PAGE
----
I work full time as a behavior interventionist, so I’m around kids of all ages at least 40 hours a week. More than that if you count my own brood. One of the great things about my work is that I’m exposed to books that might otherwise have gone unnoticed or ignored.
One of those books is today’s Thanksreading selection.
I never used to be the poetry sort. Over the years, the attempt was made a few times, but it never stuck. My oldest son in an incredible poet, but that’s a skill you can trace directly to his mother. I get excited when I put together a simple rhyme.
Anyway, my aversion to verse would most likely have kept Jacqueline Woodson’s incredible Brown Girl Dreaming off my bookshelf, if not for the impact I saw it have on a classroom of seventh graders. (Shout out to Mr. I!)
The landscape of northwest Vermont is more diverse than it used to be, but on the grand scale of things, it’s still a pretty homogenous place. I watched as Woodson’s autobiographical story – told through poems that are eloquent, universal, and touching – brought the post-Jim Crow world of 1960s and ‘70s South Carolina and New York City to life for our students. And it was a wonderful thing to behold.
Brown Girl Dreaming cracked open a world of difference for many of the students in that class, and I decided to break down the poetry barrier I’d built for myself and share the experience. I’m so thankful that I did.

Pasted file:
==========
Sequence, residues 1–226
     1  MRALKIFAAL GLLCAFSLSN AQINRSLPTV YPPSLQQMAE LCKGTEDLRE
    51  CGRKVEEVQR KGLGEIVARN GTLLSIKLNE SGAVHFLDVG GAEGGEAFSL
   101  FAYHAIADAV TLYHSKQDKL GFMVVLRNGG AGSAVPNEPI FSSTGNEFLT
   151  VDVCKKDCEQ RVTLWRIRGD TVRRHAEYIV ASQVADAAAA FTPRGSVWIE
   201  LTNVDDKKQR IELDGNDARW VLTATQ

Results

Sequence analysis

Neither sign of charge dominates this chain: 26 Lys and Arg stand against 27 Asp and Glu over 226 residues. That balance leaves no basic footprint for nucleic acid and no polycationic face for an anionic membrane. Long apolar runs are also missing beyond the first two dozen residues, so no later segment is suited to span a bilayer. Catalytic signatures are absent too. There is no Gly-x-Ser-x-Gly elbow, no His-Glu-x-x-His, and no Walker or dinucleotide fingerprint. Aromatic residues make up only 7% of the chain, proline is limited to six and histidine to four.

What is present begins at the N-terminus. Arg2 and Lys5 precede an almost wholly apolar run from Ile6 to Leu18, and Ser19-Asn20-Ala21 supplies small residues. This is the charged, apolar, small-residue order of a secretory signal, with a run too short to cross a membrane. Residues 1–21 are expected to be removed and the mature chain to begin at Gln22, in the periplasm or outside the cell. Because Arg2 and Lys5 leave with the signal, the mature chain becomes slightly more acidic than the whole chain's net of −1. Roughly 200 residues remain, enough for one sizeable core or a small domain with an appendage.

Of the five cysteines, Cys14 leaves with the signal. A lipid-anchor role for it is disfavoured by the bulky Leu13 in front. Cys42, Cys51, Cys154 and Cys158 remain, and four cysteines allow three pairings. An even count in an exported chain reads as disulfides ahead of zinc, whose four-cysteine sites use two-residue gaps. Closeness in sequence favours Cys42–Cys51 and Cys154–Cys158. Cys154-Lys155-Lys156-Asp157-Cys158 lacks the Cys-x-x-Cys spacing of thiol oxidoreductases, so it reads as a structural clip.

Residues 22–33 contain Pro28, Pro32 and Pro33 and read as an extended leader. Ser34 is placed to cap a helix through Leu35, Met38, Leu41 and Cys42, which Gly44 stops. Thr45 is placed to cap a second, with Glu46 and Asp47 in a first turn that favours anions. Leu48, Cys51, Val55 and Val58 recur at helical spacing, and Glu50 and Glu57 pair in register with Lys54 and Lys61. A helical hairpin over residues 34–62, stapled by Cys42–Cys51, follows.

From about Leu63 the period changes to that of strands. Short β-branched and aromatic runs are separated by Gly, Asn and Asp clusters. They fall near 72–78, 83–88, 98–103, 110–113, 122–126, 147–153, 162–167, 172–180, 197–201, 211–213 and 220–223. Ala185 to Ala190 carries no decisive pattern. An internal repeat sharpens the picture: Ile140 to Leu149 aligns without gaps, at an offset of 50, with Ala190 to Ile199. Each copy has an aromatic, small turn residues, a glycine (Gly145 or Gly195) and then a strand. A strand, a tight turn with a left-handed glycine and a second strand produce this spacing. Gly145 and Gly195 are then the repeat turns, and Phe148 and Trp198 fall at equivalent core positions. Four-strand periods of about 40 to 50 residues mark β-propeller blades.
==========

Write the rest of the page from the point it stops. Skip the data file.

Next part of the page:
Woodson’s book allowed me to approach poetry in a way I never did before. I’ve attempted longform narrative poetry (is that even the right term?) before, but it didn’t click. This time was different, and after Brown Girl Dreaming was over, a strange thing happened. I wanted to read more poetry.
I’m far from an expert in the field, and I have yet to attempt to write my own, but Woodson led me to a new-to-me realm of the written word and the works of Langston Hughes, Walt Whitman, and a few others I’ve sampled.
I’m making my way slowly, but without Brown Girl Dreaming, I wouldn’t be making my way at all. Jacqueline Woodson has my thanks twice over: once for the new interest in poetry and once for presenting the diversity of her experience in universal terms.